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Syd Barrett - An Introduction To... Print E-mail
Written by Bruce Tippen   
Friday, 22 October 2010

An Introduction to Syd Barrett CD - 2010Released on October 11th, 2010, "An Introduction to Syd Barrett" on EMI/Harvest Records is a brand new collection that has brought together for the first time the tracks of Pink Floyd and Syd Barrett on one compilation.

This release includes the previously-unreleased 20-minute instrumental 'Rhamadan'. Produced by former Pink Floyd and Syd co-manager Peter Jenner, the list of musicians is lost in the mists of time, though it's rumoured to include congas by Steve Peregrine Took of Tyrannosaurus Rex. It is available as an extra downloadable track with the CD (via an auxiliary website), and also comes with the iTunes version of the album.

Brain Damage's resident Syd expert Bruce Tippen has taken a good listen to the compilation, and here's his verdict...

Fans of early Pink Floyd have been treated to an exciting new release thanks to David Gilmour. "An Introduction to Syd Barrett" is perhaps aimed at a new generation of fans but will also be of great interest to avid followers of Syd's work and collectors alike. This release provides an attractive selection of Syd's work from 'Arnold Layne' through to 'Bob Dylan Blues' providing some superb remixes courtesy of Andy Jackson and Damon Iddins in collaboration with David Gilmour.

The first three singles are a powerful taster, particularly the stereo version of 'Apples and Oranges' which sounds clearer than ever. Roger Waters once commented that this great song suffered from poor production - well, not any more. Following in the style of the original "Best of Pink Floyd" album 'Matilda Mother' and 'Chapter 24' are chosen to represent Syd's "Piper" tracks finishing with 'Bike' - a fitting finale to the group selections complete with maniacal geese and taking you onwards into Syd's 'other room'!

'Matilda Mother' is quite simply amazing. Fans who bought the 40th Anniversary release of "Piper" will have heard this gem from the past complete with original Hilaire Belloc lyrics but this re-mix sounds like it is being played live right in your headphones. The crispness of sound and rich instrumentation is compelling and this version also includes the full run-out with psychedelic jam giving the listener another taster of original, previously unheard Syd Floyd. For me, this piece alone is well worth the price of the disc!

The selection of songs chosen to represent Syd's career after leaving Pink Floyd must have been difficult. The concept of the single disc was spot on to provide the taster for new fans with so many more great songs to search out (hunting out Syd's material being a valid cause in one's life). All tracks are presented in high fidelity but again, it is the remixes that grab your attention. There seems to be a greater feeling of space and clarity in these pieces. David Gilmour adds some sensitive bass to 'Here I Go' which strengthens the song, underpinning those wonderful jazzy guitar chords. The end of this piece is allowed to run a little further in the lead guitar outro so that you can actually hear the end of this great song.

And finally...a chance to access 'Rhamadan' for the first time. Flipping the coin from Syd's beautiful songs you really do enter his other room. This piece will trigger debate for years...what is it, who's on it, when was it made, do I like it? It's an incredible piece whether you like it or not. It has no beginning or end. It takes you on a trip somewhere like 'Interstellar Overdrive' or 'Lanky'. It is improvisation on a level beyond what we have heard before with jazzy undercurrents and meandering psychedelia. It sounds both modern and timeless - somewhat indeterminable. If it came from 1968 then it is historic as it pinpoints where Syd's Floyd would have gone and demonstrates how he was able to drive and articulate a piece of music like this despite reports of his decline. It is a far greater piece than I imagined having heard snippets and read reports of an unreleasable track. Thank goodness it has emerged at last as it is at very least an historic artefact and at best a telling indication of his craftmanship during this very strange and exciting period.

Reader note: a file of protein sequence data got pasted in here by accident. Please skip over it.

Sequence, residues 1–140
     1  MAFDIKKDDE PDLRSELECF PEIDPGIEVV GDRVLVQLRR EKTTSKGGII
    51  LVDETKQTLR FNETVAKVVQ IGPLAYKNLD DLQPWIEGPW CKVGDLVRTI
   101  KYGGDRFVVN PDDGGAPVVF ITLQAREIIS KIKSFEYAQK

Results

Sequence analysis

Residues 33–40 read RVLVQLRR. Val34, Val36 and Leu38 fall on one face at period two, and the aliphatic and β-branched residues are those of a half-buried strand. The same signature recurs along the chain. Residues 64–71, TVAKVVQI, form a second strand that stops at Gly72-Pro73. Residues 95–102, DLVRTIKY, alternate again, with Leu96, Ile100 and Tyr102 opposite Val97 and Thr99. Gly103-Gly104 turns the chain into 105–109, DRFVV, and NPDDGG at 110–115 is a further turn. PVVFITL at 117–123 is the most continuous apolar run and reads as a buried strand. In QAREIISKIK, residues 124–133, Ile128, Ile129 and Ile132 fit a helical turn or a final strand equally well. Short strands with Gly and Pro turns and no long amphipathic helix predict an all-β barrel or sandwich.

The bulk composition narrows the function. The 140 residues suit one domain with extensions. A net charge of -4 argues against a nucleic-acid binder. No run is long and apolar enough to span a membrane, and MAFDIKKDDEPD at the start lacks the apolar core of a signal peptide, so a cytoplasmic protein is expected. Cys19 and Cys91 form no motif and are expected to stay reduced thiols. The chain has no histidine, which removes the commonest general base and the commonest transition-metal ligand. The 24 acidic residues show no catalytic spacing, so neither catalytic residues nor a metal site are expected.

So, a great album of songs, superb artwork and packaging in a colourful glossy digi-pack, with full lyrics (including one or two surprises).

It still leaves you wondering and dreaming. More gems from the archive please...not all at once as that would be too easy, but in our lifetimes would be good.

Orders for the album can now be made, with some retailers offering it at a very reasonable 44% off the recommended retail price, at through this direct link. You can also order it from, Amazon UK, Amazon France, and Amazon Germany. and were previously just offering it as an expensive import, but are now offering it as a North American edition at a good price (albeit with a slightly later release date). We thought we'd best let you know in case you'd already ordered the import edition!

David Gilmour, who originally worked with Syd Barrett on the solo albums by co-producing "The Madcap Laughs" and as producer of "Barrett" has taken the role of executive producer for the album and has, along with Damon Iddins and Andy Jackson at Astoria Studios, remixed five tracks including 'Octopus', 'She Took A Long Cold Look' (now renamed '...Cool Look'), 'Dominoes' and 'Here I Go' on which David Gilmour has added and played bass guitar. Pink Floyd's 'Matilda Mother' also receives a fresh 2010 mix. Brand new artwork has been provided by Storm Thorgerson and his estimable studio.

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